Drew Adam of the USDA. (Zachary P. Stephens/Brattleboro Reformer)
Drew Adam of the USDA. (Zachary P. Stephens/Brattleboro Reformer)
Thursday November 22, 2012

BRATTLEBORO -- After more than three decades, Drew Adam is winding down his career as a Natural Resources Conservation Service soil scientist in Brattleboro.

But he won't be spending his last year on the job in his Vernon street office. Instead, he'll be working under military guard in Afghanistan's Logar Province.

It will be Adam's second stint in that war-torn country. His first Afghanistan detail went so well that he is looking forward to returning in a few weeks in spite of the risks.

"I was amazed by how much we could get done and by how satisfying it was," Adam said.

As an employee of the U.S. Department of Agriculture, Adam, 60, has served short stints in Maine, Florida and California. When he learned of an opportunity to go to Afghanistan in 2004, he jumped at the chance -- after a few initial misgivings.

"It was one of those things where I thought, ‘This is crazy,'" Adam recalled. "The more I thought about it, the more I wanted to do it."

After getting through what he calls a "pretty thorough vetting process," Adam spent six months in 2005 as an agricultural adviser in Parwan Province, north of Kabul.

Now, he's looking forward to ending his career with another stint in Afghanistan. He expects to retire from the USDA when he returns home in December 2013.

Adam says he knew "the clock was ticking" for such a trip, given that the U.S. is scaling back its Afghanistan presence and will withdraw combat troops by the end of 2014.

"We may be the last group of civilians to go over there en masse," he said.

This detail will be twice as long as Adam's first in Afghanistan. And there are other differences: For instance, he underwent just two days of training before the 2005 trip compared with six weeks spent preparing this time.

Adam also believes that "in 2005, it was a safer time in Afghanistan than it is in 2012 or 2013." He has been told that mortar attacks are fairly common at the base where he'll be stationed in Logar Province, situated south of Kabul.

In 2005, "I never wore any kind of protection," Adam said. "This time around, I'll probably be required to wear a flak jacket and a helmet."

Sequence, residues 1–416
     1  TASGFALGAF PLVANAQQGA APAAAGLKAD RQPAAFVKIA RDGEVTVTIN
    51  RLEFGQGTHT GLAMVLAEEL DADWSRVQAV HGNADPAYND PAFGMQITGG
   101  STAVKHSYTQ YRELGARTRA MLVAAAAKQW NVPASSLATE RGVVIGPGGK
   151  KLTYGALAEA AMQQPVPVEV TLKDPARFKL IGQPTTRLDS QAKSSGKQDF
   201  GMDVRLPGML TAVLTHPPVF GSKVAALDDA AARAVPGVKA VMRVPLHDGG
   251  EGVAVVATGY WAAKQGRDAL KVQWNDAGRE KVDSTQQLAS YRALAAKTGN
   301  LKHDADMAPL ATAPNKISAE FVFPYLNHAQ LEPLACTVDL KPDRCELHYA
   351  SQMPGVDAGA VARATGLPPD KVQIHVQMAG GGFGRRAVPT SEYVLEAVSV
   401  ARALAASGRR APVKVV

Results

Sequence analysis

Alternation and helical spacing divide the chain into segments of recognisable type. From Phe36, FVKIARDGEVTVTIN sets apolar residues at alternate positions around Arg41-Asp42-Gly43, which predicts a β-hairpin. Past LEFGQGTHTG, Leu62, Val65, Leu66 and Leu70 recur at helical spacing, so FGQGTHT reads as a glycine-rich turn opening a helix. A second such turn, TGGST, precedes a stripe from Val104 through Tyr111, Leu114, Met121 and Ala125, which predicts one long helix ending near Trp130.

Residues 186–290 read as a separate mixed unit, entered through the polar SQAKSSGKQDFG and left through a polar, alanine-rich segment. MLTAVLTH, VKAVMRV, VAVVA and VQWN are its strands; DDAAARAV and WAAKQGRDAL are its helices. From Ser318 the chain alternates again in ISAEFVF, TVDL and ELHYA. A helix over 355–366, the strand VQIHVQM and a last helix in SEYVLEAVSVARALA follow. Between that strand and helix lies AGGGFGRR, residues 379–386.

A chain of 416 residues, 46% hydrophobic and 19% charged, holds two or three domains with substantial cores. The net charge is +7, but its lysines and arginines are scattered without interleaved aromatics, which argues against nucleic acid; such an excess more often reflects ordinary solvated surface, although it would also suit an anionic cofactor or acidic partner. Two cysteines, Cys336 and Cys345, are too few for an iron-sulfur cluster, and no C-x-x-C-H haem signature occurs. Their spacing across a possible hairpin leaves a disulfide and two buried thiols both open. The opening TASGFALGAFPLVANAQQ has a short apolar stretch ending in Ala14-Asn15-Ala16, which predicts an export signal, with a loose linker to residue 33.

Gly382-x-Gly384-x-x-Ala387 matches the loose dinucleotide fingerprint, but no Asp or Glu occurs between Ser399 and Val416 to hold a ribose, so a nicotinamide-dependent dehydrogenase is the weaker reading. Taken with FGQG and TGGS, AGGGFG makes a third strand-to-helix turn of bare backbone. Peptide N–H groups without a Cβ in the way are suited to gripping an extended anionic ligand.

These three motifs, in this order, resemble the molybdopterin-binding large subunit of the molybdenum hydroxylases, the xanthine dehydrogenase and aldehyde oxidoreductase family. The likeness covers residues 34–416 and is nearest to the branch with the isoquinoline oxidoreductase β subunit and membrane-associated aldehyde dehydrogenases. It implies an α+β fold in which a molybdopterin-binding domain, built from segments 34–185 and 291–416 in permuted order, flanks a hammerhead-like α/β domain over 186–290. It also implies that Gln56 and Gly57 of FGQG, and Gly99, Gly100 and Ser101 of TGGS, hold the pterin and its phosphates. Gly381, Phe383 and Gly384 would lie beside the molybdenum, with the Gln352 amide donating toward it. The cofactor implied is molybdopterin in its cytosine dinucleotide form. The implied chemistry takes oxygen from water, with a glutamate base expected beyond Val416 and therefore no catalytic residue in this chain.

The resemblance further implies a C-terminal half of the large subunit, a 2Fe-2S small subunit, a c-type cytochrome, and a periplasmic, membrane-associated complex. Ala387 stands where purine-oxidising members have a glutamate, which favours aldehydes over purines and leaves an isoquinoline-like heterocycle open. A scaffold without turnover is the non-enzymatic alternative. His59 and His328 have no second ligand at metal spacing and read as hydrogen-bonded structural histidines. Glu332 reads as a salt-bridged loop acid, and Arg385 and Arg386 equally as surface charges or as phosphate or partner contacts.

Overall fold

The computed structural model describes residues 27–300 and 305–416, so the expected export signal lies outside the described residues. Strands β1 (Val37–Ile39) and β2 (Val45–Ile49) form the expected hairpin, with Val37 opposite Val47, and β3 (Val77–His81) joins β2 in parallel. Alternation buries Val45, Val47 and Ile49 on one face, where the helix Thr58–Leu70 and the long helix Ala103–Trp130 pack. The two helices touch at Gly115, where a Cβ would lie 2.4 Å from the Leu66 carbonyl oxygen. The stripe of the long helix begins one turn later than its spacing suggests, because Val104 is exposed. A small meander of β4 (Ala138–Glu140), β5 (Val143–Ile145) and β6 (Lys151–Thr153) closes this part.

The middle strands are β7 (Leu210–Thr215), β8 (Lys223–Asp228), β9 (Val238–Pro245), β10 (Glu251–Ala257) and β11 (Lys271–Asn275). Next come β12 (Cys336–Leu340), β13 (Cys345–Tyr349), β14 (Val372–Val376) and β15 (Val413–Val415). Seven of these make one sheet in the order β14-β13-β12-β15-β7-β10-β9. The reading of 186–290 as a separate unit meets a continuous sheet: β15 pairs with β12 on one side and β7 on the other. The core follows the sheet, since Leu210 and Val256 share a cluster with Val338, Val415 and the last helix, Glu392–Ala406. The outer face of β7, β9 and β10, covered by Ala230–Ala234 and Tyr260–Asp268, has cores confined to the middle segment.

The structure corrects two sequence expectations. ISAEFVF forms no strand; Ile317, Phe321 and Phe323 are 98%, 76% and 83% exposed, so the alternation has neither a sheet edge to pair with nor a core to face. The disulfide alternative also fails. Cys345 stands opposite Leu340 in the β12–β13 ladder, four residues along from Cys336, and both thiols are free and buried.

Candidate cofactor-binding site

But he knows from experience that soldiers escorting civilians are sticklers for detail and for extreme caution. Missions outside the base must be planned a day or two in advance, and he'll be traveling in armored vehicles and helicopters.

"I am totally convinced that, if there's any expectation that there could be something that could go wrong on the next mission, they'll cancel it," Adam said.

Still, he acknowledges that "there's always a risk that there's something that could go wrong." The trip is worth that risk, Adam said, because of the potential benefits for a country where there is a great need for enhanced agricultural production.

"Eighty percent of the Afghan population are farmers," Adam said. "But it's a country that's been decimated by 40 years of war. There's a lot of historical knowledge that's been lost. A lot of men have been lost."

Adam expects to work mainly with his Afghan counterparts -- extension agents and agriculture directors -- on agricultural and natural-resource issues.

For instance, he notes that Logar is known for apple production, and there is a push to develop cold storage for the crop in an area where electric refrigeration is not an option.

"In Afghanistan, when you go outside the cities, there's no electricity. There's no running water," Adam said. "It's like going back in time."

Creating cold storage such as a root cellar can benefit farmers who currently are stuck with a glut of in-season crops, Adam said.

"If you can extend the life of a product for a couple of months, you're going to double the value of that product," he said.

At the same time, Adam has been advised that this trip will be all about Afghanistan's transition. So he'll also be addressing bureaucratic matters such as ways local governments can procure funding through Afghanistan's national government rather than directly from the U.S.

"This is a transition year," Adam said. "Somebody has got to help them understand the new budgeting process that is happening."

Adam will head to Afghanistan in the first week of December. He'll do so with the blessing of his wife and three grown children, whom he characterizes as concerned but understanding.

"They've all been supportive of me, which is great," Adam said. "I never would have attempted this without their consent."

Mike Faher can be reached at mfaher@reformer.com or 802-254-2311, ext. 275.